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GIQE could contribute to strengthening the UK economy via a carefully costed, nationwide programme to train and employ a ‘carbon army’. This army would be at the frontline of the fight against cold homes by making all of the UK’s 30 million buildings energy efficient, and, where feasible, fitted with solar panels. This would, in the first instance, dramatically reduce energy bills and fuel poverty, whilst also cutting greenhouse gas emission and cutting current dependence on imported energy.

Secondly, a GIQE programme could also help tackle the housing crisis by financing the construction of new affordable housing that’s highly energy efficient and built predominantly on brownfield sites.

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Thirdly, GIQE could help finance improved regional public transport networks to help revitalise local and regional economies. That’s more and better buses, trains and coaches, helping people to get around their communities and stay connected.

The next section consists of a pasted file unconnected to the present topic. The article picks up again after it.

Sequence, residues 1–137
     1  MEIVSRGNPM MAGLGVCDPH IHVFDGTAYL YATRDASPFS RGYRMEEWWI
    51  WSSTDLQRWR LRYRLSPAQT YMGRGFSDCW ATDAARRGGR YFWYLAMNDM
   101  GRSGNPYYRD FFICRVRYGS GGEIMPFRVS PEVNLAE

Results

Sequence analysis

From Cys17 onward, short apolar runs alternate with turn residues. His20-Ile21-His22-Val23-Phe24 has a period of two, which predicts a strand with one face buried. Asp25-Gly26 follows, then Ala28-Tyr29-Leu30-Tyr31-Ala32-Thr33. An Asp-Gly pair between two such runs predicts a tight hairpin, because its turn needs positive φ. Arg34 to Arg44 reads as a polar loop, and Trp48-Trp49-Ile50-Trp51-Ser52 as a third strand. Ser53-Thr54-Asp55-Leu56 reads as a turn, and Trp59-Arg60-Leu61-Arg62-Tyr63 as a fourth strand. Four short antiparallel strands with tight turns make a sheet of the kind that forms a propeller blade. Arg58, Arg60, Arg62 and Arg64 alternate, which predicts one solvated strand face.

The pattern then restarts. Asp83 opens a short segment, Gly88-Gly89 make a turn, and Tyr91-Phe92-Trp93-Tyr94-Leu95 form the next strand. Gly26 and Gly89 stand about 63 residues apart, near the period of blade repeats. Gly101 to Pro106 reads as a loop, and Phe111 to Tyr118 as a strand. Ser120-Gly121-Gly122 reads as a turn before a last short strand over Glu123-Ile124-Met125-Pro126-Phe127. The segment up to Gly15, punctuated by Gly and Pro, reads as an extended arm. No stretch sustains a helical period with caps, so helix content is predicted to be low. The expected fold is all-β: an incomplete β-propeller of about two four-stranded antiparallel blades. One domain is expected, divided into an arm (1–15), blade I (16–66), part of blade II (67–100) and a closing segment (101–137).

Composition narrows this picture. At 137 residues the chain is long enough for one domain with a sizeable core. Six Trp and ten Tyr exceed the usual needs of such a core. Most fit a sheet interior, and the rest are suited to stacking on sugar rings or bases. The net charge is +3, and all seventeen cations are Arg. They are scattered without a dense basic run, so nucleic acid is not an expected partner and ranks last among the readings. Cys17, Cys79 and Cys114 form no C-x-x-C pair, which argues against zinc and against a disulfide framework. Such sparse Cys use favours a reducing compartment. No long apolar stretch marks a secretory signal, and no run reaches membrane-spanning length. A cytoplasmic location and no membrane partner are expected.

Quantitative Easing is already back on the global economic and political agenda. The growing threat of deflation has meant that Japan has reintroduced QE, and the European Central Bank has begun its own programme to deal with the serious economic problems of the Eurozone.

Here in the UK, our export markets face global threats that include a slowdown in the US and Chinese economies plus the financial fragility of the Eurozone – compounded only this week by the ongoing crisis in Greece.

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Moreover, domestic economic difficulties, including inadequate tax revenues, a deficit that is likely to prove to be stubbornly high and the spectre of deflation – none of which are encouraging consumers to spend or business to invest- mean the time is ripe for a new round of QE.